Conductive Hearing Loss
When sound waves enter an individual’s ear canal, they cause the ear drum to vibrate, which in turn causes the ossicles, or tiny bones behind the eardrum, to vibrate. The vibration from the ossicles is transmitted to the COCHLEA which is then transmitted to the auditory nerve, which communicates the signal to the brain. In a healthy, properly functioning auditory system, this flow of sound occurs without interruption. However, for an individual with conductive hearing loss, the conduction of the sound waves is impeded or obstructed, leading to diminished hearing.
What Is Conductive Hearing Loss?
As the 2nd most common type of hearing loss, conductive hearing loss affects people of all ages and is often temporary and resolvable. Conductive hearing loss presents itself when there is some form of damage to the outer or middle ear, whether a blockage in the ear canal or a disorder in the middle-ear structures. Because sound waves aren’t able to travel effectively from the outer or middle ear to the inner ear, a person with conductive hearing loss usually experiences sounds as muffled or distant.
Conductive hearing loss differs from the most common type of hearing loss – sensorineural – in that while conductive hearing loss is primarily an acoustic conduction problem, sensorineural hearing loss is primarily an acoustic generation or perception problem. An individual with conductive loss hears sounds more quietly than they would normally, but an individual with sensorineural loss may hear things in a distorted manner as well.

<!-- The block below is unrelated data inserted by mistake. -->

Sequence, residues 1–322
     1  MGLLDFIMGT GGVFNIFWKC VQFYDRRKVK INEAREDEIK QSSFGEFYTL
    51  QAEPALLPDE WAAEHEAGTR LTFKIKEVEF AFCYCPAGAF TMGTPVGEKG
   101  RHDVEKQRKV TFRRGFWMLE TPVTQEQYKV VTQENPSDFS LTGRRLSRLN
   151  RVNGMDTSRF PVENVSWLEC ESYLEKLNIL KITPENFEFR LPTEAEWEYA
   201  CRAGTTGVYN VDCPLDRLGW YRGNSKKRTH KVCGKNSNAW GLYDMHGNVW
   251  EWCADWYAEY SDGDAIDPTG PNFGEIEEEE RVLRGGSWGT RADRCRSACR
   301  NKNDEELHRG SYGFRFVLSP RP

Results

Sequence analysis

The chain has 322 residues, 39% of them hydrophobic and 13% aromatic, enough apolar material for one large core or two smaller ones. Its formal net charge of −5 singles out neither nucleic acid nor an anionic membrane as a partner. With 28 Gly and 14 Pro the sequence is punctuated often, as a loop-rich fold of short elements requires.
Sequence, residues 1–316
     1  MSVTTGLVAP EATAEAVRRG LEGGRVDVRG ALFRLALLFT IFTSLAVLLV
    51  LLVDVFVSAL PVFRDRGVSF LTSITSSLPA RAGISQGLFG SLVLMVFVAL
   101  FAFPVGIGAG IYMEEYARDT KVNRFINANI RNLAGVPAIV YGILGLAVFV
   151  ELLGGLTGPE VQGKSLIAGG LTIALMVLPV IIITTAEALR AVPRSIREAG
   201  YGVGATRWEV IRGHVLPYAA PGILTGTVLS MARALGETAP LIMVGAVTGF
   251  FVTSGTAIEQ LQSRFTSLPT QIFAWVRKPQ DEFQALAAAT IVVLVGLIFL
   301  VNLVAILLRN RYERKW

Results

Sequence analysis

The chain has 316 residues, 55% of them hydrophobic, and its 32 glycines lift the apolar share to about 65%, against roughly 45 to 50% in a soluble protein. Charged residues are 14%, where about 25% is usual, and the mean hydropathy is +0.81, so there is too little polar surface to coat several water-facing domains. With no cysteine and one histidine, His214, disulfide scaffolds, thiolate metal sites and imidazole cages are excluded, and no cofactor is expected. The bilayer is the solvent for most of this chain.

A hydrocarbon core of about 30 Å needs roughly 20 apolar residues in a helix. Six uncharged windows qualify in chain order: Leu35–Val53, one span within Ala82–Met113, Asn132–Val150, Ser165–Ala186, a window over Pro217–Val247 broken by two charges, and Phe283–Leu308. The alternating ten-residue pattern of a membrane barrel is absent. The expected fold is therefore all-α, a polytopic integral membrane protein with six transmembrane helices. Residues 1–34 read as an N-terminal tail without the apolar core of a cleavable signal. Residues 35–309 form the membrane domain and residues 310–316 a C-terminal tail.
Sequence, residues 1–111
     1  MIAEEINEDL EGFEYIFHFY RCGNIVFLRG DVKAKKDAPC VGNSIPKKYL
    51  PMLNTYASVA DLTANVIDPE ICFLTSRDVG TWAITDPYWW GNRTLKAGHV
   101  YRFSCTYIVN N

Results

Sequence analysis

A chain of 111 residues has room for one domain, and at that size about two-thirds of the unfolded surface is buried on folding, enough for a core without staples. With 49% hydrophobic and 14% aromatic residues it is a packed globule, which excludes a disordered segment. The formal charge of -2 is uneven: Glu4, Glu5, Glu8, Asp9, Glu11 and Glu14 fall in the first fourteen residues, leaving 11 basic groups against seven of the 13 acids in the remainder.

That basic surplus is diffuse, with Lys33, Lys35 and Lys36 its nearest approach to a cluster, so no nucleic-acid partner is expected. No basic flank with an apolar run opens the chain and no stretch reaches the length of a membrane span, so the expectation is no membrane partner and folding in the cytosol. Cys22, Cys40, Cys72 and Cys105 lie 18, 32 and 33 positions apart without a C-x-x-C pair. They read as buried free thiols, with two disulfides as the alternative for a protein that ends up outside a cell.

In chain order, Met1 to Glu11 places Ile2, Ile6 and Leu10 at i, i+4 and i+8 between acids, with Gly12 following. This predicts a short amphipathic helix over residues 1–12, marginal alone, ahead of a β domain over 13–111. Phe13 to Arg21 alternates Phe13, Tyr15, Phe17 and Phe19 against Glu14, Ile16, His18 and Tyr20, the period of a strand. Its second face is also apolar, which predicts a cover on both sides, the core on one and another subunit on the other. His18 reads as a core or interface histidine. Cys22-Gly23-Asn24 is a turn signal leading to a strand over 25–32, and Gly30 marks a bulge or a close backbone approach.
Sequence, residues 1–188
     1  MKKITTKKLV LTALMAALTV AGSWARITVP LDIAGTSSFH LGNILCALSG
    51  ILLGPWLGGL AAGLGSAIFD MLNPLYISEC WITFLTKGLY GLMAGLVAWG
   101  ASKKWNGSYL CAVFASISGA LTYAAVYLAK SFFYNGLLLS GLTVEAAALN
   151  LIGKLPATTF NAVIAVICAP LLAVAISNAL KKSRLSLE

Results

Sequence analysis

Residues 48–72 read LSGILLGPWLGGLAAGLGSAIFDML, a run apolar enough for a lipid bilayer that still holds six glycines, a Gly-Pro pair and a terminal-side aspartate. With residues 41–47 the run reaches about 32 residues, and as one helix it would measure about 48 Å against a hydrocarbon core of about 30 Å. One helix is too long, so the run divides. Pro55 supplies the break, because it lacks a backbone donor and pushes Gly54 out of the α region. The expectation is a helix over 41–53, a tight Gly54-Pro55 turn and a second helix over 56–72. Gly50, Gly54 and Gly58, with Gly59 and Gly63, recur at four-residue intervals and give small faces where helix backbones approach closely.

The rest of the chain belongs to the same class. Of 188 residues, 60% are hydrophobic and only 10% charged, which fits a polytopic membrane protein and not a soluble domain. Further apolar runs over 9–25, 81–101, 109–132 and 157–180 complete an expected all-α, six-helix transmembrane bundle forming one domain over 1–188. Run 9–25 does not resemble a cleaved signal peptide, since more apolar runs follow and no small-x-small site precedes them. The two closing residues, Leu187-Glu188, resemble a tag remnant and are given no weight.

What Causes Conductive Hearing Loss?
Because conductive hearing loss may be caused by any form of damage to the outer or middle ear, the number and types of potential causes are diverse. Some of the most common causes include:
- Cerumen (earwax) buildup and blockage, as well as foreign bodies lodged in the ear canal.
- Infections and trapped fluid in the middle ear, including Swimmer’s Ear, where the ear canal becomes inflamed due to prolonged water exposure.
- Perforation of the eardrum caused by direct trauma or excess pressure.
- Structural problems with the ossicles (small bones) in the ear.
- Benign bone growths, cysts and tumors that jut into the ear canal, obstructing the passage of sound waves.
- Inherited or genetic syndromes and conditions.
How Is Conductive Hearing Loss Treated?
In most cases, individuals diagnosed with conductive hearing loss are able to be successfully treated and regain either complete or partial hearing ability. When an accumulation of earwax or another foreign body is detected, treatment may be as simple as removing the obstruction. In other cases, medicine may be the appropriate route, like prescribing antibiotics when an infection is the cause. When the source of conductive hearing loss leads to some degree of long-term or permanent hearing diminishment, hearing aids and other amplification devices are usually quite effective as a means of hearing correction. Surgical procedures are also a possibility to correct conductive loss.
What Should I Do If I Suspect Conductive Hearing Loss?
If you or someone you love is exhibiting symptoms of hearing loss, it’s important that you visit your primary care physician or a licensed audiologist to discuss options. Find the nearest Avada Hearing Care Center, and schedule an appointment to learn more about your specific type of hearing loss and develop a treatment plan that’s catered to your individual needs.